When you lay siege to a city for a long time, fighting against it to capture it, do not destroy its trees by putting an ax to them, because you can eat their fruit. Do not cut them down. Are the trees people, that you should besiege them?

In that verse is a cornerstone for the Laws of War.  Not only was that applied to the besiegers, but to field armies – both aggressor or defender.  However, under this convention, should either party resort to destroying the “trees” then the other side was justified in retaliation to cutting down the trees… or in the case of Georgia in November 1864, burning out the farms.  (And large in the minds of military leaders at the time was the justification given by Napoleon for his actions during the march to and from Moscow.)

Likewise, Wheeler’s men had used the city and put it directly in the line of battle.  Wheeler was less concerned with Bible verses that day than tactical necessity.  But such situations get out of control (just ask the residents of Fredericksburg).  Had Sherman ordered the town of Sandersville to ashes, he would have rationalized such by pointing to Wheeler’s cavalry.

While the general and staff stayed in Sandersville that day, several citizens, mostly women, approached Sherman to plead for the city’s safety.  Major Henry Hitchcock, of Sherman’s staff, recorded the encounter in his diary:

Methodist preacher came to the house today and into room where General was, to “intercede for women and children.” Loud talker, vulgar fool – seemed to think he could talk General into anything. General bore with him ore than I expected or than he deserved, never lost his temper, never spoke even angrily, but gave some hard hits.  It seems a Confederate Major Hall burned the Buffalo Creek bridge, against remonstrance of citizens – so preacher says.  General gave him no comfort except, “I don’t war on women and children,” etc., and spoke sharply about firing in the streets, etc. Finally one of ladies whispered to preacher and he shut up and left.  General told ladies dwellings would not be burned, but Court House and stores would.

In this passage is a fine example of why we need to study the “nuts and bolts” of the campaign in order to put context to the “human” stories.  It is all good to talk about the burning of buildings, wrecking of railroads, stealing of foodstuffs, and other deprivations.  But we have to put that in context of what else was happening at that moment on the ground.  Otherwise we have shards of “memory” instead of a clear picture.  Worse, we lose the “human” element of the story completely.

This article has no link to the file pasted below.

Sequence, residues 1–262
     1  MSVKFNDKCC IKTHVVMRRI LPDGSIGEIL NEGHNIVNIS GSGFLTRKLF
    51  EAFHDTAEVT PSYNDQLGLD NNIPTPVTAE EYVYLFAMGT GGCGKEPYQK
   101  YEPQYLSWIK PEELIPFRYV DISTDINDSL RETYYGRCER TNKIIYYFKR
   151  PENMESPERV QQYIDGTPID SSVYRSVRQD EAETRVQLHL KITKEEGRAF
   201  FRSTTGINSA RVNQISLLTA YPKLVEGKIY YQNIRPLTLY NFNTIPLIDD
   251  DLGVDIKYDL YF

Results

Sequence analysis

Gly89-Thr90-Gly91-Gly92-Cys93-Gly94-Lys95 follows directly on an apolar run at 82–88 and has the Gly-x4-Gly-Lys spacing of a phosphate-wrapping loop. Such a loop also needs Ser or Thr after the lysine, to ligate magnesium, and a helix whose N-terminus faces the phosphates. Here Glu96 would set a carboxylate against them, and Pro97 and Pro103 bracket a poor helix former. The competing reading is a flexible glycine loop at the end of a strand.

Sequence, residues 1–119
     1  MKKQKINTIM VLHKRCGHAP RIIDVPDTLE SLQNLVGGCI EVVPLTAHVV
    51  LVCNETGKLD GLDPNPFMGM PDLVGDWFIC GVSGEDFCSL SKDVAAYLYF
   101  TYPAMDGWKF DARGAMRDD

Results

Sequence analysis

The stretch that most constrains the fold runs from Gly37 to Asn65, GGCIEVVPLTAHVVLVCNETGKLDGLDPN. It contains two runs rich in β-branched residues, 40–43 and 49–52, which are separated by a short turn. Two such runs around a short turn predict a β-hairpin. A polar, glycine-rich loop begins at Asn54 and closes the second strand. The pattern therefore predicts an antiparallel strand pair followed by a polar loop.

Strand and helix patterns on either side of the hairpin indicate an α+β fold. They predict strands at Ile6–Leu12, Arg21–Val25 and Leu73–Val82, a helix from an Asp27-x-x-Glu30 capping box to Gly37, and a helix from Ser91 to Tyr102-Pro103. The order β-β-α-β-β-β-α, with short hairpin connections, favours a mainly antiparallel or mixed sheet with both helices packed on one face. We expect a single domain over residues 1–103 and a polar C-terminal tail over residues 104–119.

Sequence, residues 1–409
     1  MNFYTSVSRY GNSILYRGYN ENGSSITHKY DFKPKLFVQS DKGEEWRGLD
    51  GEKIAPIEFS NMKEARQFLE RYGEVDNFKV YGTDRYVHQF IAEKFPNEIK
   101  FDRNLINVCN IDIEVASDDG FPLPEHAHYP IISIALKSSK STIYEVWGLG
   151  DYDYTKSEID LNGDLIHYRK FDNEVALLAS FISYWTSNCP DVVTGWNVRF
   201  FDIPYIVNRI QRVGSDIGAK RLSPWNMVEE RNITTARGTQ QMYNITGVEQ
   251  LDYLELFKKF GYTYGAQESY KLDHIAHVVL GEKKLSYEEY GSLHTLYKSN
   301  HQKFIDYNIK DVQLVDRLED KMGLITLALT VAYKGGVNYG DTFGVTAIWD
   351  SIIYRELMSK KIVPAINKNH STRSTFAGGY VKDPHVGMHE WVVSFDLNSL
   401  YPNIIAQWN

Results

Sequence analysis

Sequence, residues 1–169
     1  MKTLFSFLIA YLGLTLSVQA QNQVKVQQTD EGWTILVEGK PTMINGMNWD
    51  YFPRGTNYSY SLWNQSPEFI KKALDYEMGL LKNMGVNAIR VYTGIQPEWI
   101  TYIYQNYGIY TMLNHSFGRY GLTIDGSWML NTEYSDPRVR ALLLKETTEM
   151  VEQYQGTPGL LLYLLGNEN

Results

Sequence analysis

In this case, Sherman heard something he needed to hear.  The citizens of Sandersville had resisted their own to the extent possible.  Far from the “defiant Confederate home front” indications are the people of Sandersville understood what “scorched earth” would bring to their community.   Sherman’s words on the subject had reached the intended audience, with the intended result.  Public buildings and commercial structures went up in flames, all but the Masonic Temple. But the homes, as Sherman promised, were not targeted.  (And as a side note, the County Courthouse was only nine years old at that time, having been rebuilt after an 1855 that had devastated the town worse than anything the Federals did in 1864.)

South of Tennille, the Right Wing proceeded across the Oconee at Ball’s Ferry. The pontoon bridges for the main crossing were not in place until around 10 a.m.  But that allowed much of the Fifteenth Corps to cross in daylight, though the swampy roads up from the ferry prevented anyone from making many miles beyond.  As happened with the Ocmulgee crossing a week earlier, while crossing at Ball’s Ferry, Howard ordered all of the extra mounts confiscated from the infantry.  And again, good animals were distributed among the train and authorized mounted formations.  Several hundred broken down horses and mules were killed at the crossing during the exchange.

Far to the north of the two main wings of Sherman’s force, Brigadier-General H. Judson Kilpatrick’s cavalry rode hard to cross the Ogeechee River.  This move drew Wheeler’s cavalry out of Sandersville and well out of Sherman’s main path.  As this is, in my opinion, one of the under-discussed aspects of the march, I’ll take this up in a separate post (hopefully later today).

Following by way of the Georgia state markersSylvan Grove, Sandersville, Tennille, Irwin’s Crossroads, and Oconee are your stops.

(Citations from OR, Series I, Volume 44, Serial 92, page 234; Henry Hitchcock, Marching with Sherman: passages from the letters and campaign diaries of Henry Hitchcock, Yale University Press, 1927, page 97.)